Memory

What to eat to reduce your risk of Alzheimer’s disease

A Mediterranean-style diet has been shown to benefit cognitive performance, and one food — fish — stands out as helping lower risk of both cognitive impairment and cognitive decline.

Struggling with attention and organization as you age? It could be ADHD, not dementia

Older adults who find themselves struggling with memory, attention, or focus may be diagnosed with mild cognitive impairment, but it could also be ADHD, particularly if the person has other relatives with the condition.

What’s the best way to manage agitation related to dementia?

When people with dementia start exhibiting agitated behaviors, doctors often prescribe medications, but these have risks of serious side effects. A new study found that nondrug interventions were more effective than medications in reducing agitation.

Trouble with crossword puzzles? Improve your semantic memory

Semantic memory is your store of factual knowledge and the meanings of words. It also helps you recall nonverbal concepts and relationships between words and concepts. And while some aspects of memory may decline with age, semantic memory does not.

A clue to a cure for Alzheimer’s disease

Half of people who live to 85 will develop Alzheimer’s disease — a disturbing statistic. But research into a family in South America has revealed a gene mutation that appears to afford protection, and may lead to a way to treat or possibly even prevent the disease.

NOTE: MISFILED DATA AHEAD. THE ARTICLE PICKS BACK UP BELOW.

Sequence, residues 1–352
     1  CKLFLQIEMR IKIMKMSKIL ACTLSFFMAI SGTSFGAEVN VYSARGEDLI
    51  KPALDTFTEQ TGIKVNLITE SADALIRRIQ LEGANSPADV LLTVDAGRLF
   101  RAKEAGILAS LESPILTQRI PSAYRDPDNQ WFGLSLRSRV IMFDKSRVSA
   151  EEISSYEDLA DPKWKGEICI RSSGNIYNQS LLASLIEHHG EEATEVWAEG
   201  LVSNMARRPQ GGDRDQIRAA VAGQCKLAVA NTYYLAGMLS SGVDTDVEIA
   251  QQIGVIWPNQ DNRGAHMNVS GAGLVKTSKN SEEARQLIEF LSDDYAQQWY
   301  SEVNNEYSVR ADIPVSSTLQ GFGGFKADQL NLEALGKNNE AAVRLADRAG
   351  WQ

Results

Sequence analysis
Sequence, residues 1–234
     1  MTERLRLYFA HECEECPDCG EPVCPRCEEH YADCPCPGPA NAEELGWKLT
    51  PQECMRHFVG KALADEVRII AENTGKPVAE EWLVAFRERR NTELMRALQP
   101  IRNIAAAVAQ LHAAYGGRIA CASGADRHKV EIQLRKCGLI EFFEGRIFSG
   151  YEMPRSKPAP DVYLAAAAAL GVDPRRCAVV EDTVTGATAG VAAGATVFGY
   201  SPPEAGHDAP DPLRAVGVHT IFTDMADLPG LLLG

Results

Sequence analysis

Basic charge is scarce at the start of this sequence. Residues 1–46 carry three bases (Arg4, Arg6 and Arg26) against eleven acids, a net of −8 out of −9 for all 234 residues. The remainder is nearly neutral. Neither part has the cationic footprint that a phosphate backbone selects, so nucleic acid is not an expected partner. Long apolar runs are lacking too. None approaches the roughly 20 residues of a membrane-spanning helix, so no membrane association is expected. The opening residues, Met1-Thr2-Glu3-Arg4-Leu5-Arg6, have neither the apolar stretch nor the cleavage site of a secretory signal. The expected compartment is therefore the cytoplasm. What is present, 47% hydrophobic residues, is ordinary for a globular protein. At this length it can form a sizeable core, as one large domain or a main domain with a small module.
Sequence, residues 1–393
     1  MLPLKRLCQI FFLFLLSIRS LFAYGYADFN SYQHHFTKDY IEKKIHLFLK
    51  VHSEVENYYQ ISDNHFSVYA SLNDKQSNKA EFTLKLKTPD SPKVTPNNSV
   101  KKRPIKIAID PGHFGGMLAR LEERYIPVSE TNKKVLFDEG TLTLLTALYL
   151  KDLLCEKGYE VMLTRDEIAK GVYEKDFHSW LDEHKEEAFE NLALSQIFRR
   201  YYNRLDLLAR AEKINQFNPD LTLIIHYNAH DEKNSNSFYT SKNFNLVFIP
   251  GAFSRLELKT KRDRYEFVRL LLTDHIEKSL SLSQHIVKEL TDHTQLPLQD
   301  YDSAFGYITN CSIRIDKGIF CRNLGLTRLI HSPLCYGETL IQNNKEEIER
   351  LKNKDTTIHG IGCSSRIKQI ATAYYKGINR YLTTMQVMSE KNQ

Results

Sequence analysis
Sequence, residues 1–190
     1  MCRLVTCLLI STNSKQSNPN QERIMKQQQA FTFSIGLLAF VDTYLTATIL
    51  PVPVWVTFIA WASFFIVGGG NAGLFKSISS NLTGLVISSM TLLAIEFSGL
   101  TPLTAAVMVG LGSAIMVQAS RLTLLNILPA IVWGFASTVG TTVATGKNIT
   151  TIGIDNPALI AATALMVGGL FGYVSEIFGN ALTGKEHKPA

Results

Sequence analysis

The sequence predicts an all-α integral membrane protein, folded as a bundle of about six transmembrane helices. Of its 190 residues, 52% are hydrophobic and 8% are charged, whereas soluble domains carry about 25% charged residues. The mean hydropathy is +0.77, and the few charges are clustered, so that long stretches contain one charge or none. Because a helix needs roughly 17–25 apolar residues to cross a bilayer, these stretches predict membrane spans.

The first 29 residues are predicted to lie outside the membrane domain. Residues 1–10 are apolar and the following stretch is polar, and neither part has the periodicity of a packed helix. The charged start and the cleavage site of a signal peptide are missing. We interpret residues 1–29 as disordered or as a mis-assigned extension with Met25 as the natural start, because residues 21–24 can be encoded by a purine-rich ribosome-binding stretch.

Is there really a blood test to diagnose concussion?

Eve Valera, PhD

Contributor

Can a blood test tell whether or not you have a concussion? It’s not quite that simple. There is a test that indicates the presence of substances released into the blood after a brain injury, but for now it is more useful for identifying situations when a CT scan is not necessary.

Is there a test for Alzheimer’s disease?

Wondering whether a blood test or brain scan can accurately diagnose Alzheimer’s disease? If memory loss is a problem for you or a loved one, consider these points before discussing potential next steps with a doctor.

Want to travel back in time? Use episodic memory

When people refer to “memory,” they often mean episodic memory, a complex brain process that enables recall of details like names and route detours –– as well as long-ago moments.

Want a sharp mind, strong memory? Ramp up activities

Research shows that older people who are socially engaged and keep their minds active are more likely to remain mentally sharp. But what specific activities should people do? And does it matter if they start late in life or sooner?

Trouble reading? Try these workarounds

Trouble reading may stem from physical challenges, difficulty concentrating, traumatic brain injury, or mild cognitive impairment. After an evaluation, try these workaround strategies.